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Authenticity
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The Zohar : Authenticity

The Zohar Acceptance of authenticity
Over time, however, the general view in the Jewish community came to be one of acceptance of Moses ben Shem-Tov's claims; the Zohar was held to be an authentic book of mysticism passed down from the second century.

The Zohar spread among the Jews with remarkable celerity. Scarcely fifty years had passed since its appearance in Spain before it was quoted by many cabalists, among whom was the Italian mystical writer Menahem Recanati. Its authority was so well established in Spain in the fifteenth century that Joseph ibn Shem-Tov drew from it arguments in his attacks against Maimonides. It exercised so great a charm upon the cabalists that they could not believe for an instant that such a book could have been written by any mortal unless he had been inspired from above; and this being the case, it was to be placed on the same level with the Bible.

Even representatives of non-mysticism oriented Judaism began to regard it as a sacred book and to invoke its authority in the decision of some ritual questions. They were attracted by its glorification of man, its doctrine of immortality, and its ethical principles, which are more in keeping with the spirit of Talmudical Judaism than are those taught by the philosophers. While Maimonides and his followers regarded man as a fragment of the universe whose immortality is dependent upon the degree of development of his active intellect, the Zohar declared him to be the lord of the Creation, whose immortality is solely dependent upon his morality. According to the Zohar, the moral perfection of man influences the ideal world of the Sefirot; for although the Sefirot expect everything from the En Sof (Heb. ??????, infinity) , the En Sof itself is dependent upon man: he alone can bring about the divine effusion. The dew that vivifies the universe flows from the just. By the practice of virtue and by moral perfection man may increase the outpouring of heavenly grace. Even physical life is subservient to virtue. This, says the Zohar, is indicated in the words "for the Lord God had not caused it to rain" (Gen. ii. 5), which mean that there had not yet been beneficent action in heaven because man had not yet given the impulsion.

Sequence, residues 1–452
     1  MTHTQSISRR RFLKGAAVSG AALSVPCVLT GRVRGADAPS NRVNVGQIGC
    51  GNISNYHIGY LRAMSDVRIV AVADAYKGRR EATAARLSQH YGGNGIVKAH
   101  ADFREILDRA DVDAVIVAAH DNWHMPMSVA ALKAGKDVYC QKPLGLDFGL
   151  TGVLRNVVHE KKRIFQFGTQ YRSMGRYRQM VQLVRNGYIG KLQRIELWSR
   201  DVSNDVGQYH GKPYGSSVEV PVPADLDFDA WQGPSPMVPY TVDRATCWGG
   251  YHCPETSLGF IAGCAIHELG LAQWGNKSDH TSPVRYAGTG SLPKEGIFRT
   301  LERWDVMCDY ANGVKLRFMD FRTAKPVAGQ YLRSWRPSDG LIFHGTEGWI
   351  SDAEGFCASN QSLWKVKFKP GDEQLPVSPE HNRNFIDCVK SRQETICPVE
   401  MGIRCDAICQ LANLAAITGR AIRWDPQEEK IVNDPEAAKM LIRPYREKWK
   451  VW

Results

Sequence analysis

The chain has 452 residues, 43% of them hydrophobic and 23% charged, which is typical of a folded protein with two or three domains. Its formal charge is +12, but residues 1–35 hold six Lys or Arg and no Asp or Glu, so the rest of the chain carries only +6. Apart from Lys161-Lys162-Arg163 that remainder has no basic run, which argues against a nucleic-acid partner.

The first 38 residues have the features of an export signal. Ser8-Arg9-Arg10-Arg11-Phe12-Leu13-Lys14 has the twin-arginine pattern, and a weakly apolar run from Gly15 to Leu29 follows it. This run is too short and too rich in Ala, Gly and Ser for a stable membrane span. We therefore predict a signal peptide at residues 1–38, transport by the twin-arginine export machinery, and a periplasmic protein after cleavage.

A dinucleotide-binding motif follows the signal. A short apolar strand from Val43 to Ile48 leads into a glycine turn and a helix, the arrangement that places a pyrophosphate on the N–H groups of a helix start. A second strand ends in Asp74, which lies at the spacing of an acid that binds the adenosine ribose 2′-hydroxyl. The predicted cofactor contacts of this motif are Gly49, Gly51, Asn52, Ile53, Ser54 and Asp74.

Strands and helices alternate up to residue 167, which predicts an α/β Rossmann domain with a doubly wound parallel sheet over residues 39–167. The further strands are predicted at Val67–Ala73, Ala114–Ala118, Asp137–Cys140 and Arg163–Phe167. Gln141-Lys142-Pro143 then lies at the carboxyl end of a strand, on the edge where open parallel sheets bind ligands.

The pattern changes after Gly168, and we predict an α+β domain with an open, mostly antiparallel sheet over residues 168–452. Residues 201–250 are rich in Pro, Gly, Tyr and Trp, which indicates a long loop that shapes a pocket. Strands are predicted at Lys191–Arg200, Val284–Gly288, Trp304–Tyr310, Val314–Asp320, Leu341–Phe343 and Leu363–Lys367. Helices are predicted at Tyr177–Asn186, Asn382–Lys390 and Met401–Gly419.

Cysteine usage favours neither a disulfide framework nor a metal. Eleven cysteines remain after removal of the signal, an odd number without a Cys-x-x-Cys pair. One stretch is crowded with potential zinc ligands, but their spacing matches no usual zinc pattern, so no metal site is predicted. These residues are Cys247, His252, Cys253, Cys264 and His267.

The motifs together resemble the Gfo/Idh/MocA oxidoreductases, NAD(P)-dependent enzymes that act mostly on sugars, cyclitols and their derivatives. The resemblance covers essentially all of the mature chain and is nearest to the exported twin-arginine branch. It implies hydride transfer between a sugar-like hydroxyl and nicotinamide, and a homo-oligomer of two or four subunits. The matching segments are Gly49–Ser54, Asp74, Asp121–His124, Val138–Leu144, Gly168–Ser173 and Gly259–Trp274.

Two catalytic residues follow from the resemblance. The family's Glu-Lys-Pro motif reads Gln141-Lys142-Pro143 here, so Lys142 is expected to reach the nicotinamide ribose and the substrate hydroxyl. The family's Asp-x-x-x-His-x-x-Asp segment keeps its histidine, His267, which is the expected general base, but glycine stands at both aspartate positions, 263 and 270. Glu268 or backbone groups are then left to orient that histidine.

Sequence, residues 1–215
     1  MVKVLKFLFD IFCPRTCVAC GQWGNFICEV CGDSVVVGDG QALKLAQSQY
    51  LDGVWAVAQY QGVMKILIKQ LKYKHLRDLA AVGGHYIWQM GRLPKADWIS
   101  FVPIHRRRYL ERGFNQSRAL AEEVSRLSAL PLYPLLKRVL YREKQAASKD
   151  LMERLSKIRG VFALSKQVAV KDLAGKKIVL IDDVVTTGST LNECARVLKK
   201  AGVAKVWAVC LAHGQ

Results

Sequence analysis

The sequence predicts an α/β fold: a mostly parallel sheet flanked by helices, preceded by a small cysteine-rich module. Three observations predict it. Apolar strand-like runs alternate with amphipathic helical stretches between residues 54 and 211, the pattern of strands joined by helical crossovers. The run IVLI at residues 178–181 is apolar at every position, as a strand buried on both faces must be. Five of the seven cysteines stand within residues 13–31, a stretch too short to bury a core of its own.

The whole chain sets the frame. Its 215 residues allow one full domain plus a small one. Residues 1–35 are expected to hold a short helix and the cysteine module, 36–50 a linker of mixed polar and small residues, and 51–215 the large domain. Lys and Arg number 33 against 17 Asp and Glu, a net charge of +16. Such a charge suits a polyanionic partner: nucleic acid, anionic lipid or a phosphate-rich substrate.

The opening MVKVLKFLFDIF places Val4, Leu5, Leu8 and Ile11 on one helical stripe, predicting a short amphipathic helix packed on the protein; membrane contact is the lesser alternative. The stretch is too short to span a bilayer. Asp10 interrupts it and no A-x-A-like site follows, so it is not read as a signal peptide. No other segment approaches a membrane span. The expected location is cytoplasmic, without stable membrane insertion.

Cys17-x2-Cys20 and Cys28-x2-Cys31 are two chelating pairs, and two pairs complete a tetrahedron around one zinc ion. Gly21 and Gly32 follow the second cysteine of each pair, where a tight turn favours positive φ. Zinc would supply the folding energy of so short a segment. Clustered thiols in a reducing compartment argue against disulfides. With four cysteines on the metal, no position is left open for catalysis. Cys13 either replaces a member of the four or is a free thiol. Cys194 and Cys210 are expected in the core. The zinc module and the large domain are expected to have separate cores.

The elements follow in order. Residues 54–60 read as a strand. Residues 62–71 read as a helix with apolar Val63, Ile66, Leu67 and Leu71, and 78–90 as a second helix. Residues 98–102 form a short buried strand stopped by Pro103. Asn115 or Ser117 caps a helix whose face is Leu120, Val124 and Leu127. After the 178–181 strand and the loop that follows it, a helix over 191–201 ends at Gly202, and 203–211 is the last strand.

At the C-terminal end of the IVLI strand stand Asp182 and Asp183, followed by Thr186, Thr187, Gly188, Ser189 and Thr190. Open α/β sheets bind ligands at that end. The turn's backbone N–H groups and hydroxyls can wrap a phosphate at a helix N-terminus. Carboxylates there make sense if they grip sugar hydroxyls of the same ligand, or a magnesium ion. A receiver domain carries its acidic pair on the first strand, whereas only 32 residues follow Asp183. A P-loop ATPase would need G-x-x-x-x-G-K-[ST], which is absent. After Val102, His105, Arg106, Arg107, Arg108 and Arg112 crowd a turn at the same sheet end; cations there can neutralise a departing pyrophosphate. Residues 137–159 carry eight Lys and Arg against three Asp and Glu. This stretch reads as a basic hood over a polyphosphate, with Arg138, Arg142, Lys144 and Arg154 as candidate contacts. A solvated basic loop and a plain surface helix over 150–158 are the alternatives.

The Zohar was quoted by Todros Abulafia, by Menahem Recanati, and even by Isaac of Acco, in whose name the story of the confession of Moses de Leon's widow is related. Isaac evidently ignored the woman's alleged confession in favor of the testimony of Joseph ben Todros and of Jacob, a pupil of Moses de Leon, both of whom assured him on oath that the work was not written by Moses. The only objection worthy of consideration by the believers in the authenticity of the Zohar was the lack of references to the work in Jewish literature; and to this they answered that Simeon ben Yohai did not commit his teachings to writing, but transmitted them orally to his disciples, who in turn confided them to their disciples, and these to their successors, until finally the doctrines were embodied in the Zohar. As to the references in the book to historical events of the post-Talmudic period, it was not deemed surprising that Simeon ben Yohai should have foretold future happenings.

Rejection of authenticity
The first attack upon the accepted authorship of the Zohar was made by Elijah Delmedigo. Without expressing any opinion as to the real author of the work, he endeavored to show, in his "Bechinat ha-Dat" that it could not be attributed to Simeon ben Yohai. The objections were that:

if the Zohar was the work of Simeon ben Yohai, it would have been mentioned by the Talmud, as has been the case with other works of the Talmudic period;
the Zohar contains names of rabbis who lived at a later period than that of Simeon;
were Simeon ben Yohai the father of the Kabbalah, knowing by divine revelation the hidden meaning of the precepts, his decisions on Jewish law would have been adopted by the Talmud; but this has not been done;
were the Kabbalah a revealed doctrine, there would have been no divergence of opinion among the Kabbalists concerning the mystic interpretation of the precepts ("Bechinat ha-Dat" ed. Vienna, 1833, p. 43).
These arguments and others of the same kind were used by Leon of Modena in his "Ari Nohem". A work devoted to the criticism of the Zohar was written, "Mi?pa?at Sefarim," by Jacob Emden, who, waging war against the remaining adherents of the Sabbatai Zevi movement, endeavored to show that the book on which Zevi based his doctrines was a forgery. Emden demonstrates that the Zohar misquotes passages of Scripture; misunderstands the Talmud; contains some ritual observances which were ordained by later rabbinical authorities; mentions the crusades against the Muslims (who did not exist in the second century); uses the expression "esnoga", which is a Portuguese corruption of "synagogue,"; and gives a mystical explanation of the Hebrew vowel-points, which were not introduced until long after the Talmudic period.

In the mid 20th century the Jewish historian Gershom Scholem contended that de Leon himself was the most likely author of the Zohar. Among other things, Scholem noticed the Zohar's frequent errors in Aramaic grammar, its suspicious traces of Spanish words and sentence patterns, and its lack of knowledge of the land of Israel. This finding is still disputed by many Orthodox Jews.

Even if de Leon wrote the text, the entire contents of the book may not be fraudulent. Parts of it may be based on older works, and it was a common practice to ascribe the authorship of a document to an ancient rabbi in order to give the document more weight. It is possible that Moshe de Leon considered himself inspired to write this text.


  
  
  
  
  






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